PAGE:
Kumiko wooden panels are beautiful decorative materials which are so unique in Western interiors market. They are mainly papered parts of shoji screen sliding doors, but can be much more ornate than grid patterns. They also decorate rooms between sliding doors and ceilings in traditional Japanese rooms. Japanese love wood in interiors, however, it often moves, shrinks and warps. Kumiko was developed to solve the problems by lessening the degree of the movement by making components smaller while it makes things much lighter as well as more beautiful.
There used to be many kumiko craftsmen in Japan, however, Japanese rooms are disappearing from newly built homes. The Kumiko market was hit by the move dramatically as it is so expensive. It requires highly skilled craftsmen with premium materials. Indeed, it takes at least ten years to train a craftsman to master the technique. Because of the intricate work, they can only use the part of wood. It has to be absolutely straight and knots free.
Our wooden panel supplier stepped up to the challenge of entering the shrinking industry of Japanese traditional crafts. Our supplier realised size specs matters in order to expand usage of the panels and reach out to markets outside Japan. They enabled themselves to produce larger panels using CAD. Japanese are good at maths, but it takes some time to spread a small geometrical pattern evenly for bespoke orders manually. A pattern must be completed fully at either end and each strip of wood has to have little slits at just the right places at the right angle.
We introduced the Fine Ornamental Woodwork Panel collection in 2014 after we were asked to source it in a Japanese restaurant project in London. I was amazed to find out they were using it for an awning for a seating area on a terrace with a glass panel. Since then, I find it fun to work with creative interior designers who are free from the traditional frameworks. They have been parts of beds, cabinetry and doors. They have become walls and ceilings. It is, of course, challenging sometimes, however, Kumiko definitely found a way to thrive outside of Japan.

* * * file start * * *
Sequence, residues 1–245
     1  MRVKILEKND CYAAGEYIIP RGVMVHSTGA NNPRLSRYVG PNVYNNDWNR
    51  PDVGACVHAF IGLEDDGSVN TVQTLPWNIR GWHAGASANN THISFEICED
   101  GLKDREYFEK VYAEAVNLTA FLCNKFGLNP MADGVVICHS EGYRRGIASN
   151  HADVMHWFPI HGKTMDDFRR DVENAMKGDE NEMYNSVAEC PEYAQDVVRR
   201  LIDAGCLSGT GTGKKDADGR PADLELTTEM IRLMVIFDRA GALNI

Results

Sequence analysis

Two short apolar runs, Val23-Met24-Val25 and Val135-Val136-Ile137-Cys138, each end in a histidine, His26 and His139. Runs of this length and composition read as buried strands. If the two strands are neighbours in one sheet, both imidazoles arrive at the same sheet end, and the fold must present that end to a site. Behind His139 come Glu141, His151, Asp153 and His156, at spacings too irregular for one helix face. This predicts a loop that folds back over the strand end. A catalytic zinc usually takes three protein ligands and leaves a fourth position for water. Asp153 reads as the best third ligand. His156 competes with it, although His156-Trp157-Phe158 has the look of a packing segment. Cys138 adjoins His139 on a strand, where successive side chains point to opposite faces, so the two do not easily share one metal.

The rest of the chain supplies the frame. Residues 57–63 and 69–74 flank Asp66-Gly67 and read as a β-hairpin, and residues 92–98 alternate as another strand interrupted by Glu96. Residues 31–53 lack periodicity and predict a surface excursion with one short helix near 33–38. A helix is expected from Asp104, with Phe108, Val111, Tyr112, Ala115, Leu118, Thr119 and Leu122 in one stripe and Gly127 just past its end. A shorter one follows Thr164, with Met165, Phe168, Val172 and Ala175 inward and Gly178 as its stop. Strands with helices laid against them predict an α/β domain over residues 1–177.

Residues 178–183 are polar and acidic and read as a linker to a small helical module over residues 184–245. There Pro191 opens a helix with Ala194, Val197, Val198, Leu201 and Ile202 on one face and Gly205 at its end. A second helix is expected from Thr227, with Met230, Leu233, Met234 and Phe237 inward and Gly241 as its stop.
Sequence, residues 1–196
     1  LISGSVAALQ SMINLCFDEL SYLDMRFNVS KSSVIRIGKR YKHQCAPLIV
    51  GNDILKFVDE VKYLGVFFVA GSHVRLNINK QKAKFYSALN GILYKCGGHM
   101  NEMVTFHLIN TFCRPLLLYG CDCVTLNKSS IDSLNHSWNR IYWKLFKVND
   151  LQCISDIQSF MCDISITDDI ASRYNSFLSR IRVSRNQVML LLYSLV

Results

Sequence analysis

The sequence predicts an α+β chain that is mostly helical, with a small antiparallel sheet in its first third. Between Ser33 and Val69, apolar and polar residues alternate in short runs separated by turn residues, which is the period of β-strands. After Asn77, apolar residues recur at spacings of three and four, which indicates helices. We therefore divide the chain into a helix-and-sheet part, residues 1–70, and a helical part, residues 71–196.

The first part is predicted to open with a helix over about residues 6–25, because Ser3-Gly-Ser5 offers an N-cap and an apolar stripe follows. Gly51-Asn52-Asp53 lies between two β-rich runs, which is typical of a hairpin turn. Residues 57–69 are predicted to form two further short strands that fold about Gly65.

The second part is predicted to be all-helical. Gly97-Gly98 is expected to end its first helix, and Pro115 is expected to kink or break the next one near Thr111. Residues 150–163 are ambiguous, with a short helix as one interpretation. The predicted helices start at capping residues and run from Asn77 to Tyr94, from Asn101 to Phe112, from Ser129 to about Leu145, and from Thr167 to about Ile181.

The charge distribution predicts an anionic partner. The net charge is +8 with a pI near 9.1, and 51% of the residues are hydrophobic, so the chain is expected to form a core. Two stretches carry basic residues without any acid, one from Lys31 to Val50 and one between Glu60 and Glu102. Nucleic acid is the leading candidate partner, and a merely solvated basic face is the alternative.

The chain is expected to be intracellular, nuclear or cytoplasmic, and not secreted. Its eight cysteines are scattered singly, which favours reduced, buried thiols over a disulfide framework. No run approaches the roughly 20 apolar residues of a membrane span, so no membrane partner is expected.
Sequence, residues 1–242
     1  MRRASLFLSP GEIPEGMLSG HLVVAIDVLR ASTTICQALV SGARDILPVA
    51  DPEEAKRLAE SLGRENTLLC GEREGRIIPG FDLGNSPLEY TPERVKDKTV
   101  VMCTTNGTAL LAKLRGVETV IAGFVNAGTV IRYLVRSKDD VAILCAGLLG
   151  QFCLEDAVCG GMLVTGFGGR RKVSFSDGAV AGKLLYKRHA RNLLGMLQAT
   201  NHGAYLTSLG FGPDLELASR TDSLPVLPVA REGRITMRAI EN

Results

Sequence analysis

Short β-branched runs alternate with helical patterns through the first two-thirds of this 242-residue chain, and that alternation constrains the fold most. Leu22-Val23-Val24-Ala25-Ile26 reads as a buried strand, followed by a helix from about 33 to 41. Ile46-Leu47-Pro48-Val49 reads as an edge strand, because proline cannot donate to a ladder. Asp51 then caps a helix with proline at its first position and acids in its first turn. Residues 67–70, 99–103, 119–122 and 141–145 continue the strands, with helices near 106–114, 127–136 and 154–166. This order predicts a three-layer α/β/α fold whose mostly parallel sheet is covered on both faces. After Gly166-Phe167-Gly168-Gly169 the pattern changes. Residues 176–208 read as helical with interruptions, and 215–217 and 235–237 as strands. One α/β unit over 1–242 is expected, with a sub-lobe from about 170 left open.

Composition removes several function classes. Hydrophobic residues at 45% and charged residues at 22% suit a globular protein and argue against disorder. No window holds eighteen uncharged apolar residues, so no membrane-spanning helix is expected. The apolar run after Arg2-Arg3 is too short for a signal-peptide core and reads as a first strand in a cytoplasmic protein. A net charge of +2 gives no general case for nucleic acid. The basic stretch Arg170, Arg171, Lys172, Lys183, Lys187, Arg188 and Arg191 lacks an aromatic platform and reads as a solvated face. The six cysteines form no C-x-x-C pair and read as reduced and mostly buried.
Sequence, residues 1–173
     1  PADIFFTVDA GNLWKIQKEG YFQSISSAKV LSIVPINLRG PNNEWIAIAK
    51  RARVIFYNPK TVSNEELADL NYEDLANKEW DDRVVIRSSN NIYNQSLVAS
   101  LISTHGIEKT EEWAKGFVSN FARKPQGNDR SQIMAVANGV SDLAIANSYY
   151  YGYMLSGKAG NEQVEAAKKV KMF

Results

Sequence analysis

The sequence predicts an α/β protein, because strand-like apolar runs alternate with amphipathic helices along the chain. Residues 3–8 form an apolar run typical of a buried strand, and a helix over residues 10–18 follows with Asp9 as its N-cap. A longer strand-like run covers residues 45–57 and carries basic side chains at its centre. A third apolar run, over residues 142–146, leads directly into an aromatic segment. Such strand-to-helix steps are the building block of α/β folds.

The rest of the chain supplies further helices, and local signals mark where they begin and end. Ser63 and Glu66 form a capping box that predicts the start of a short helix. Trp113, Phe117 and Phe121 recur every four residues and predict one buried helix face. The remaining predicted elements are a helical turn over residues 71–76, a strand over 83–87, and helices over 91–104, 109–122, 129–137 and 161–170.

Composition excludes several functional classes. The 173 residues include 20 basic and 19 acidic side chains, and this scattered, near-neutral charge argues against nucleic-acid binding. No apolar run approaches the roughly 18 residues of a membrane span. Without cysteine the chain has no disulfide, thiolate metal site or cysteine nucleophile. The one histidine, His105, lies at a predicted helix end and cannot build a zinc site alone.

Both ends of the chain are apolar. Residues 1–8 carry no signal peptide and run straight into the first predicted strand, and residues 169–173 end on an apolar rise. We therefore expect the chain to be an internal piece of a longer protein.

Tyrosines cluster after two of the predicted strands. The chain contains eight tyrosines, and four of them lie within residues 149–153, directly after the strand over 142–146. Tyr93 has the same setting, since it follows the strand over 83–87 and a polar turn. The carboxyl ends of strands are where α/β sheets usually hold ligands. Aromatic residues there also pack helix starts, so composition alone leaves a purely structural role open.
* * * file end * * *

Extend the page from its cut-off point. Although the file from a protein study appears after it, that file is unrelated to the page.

“Kumiko” means assembling pieces. And, it is true that they are assembled, not nailed or fretted. Please click here for a video. The materials are prepared by machines, however, once the material is cut into small pieces, a craftsman adjusts slits and holes in each piece with planes and chisels. A craftsman has to have a delicate hand to shave off the wood; even 0.1mm of discrepancy makes it impossible for the tiny wooden pieces to fit together, especially on large pieces of work. Japanese planes are, by the way, wonderful tools. They come in so many sizes and are so sharp, which enable you to shave off wafer-thin slivers of wood whilst also making the wood shiny by drawing out the natural oil.
The basic patterns are diamond or triangle pattern, Kikko Triangles, which can be developed into a wider range of designs. You can see the triangle base which can become a “hemp leaf”. They say there are more than a hundred patterns which derived from the triangle base pattern by making smaller and smaller triangles within triangles. They can create pictures like mosaics by combining patterns as well as pieces of different shades of woods. Some panels are breathtaking artworks. Here is the supplier’s catalogue for the special range.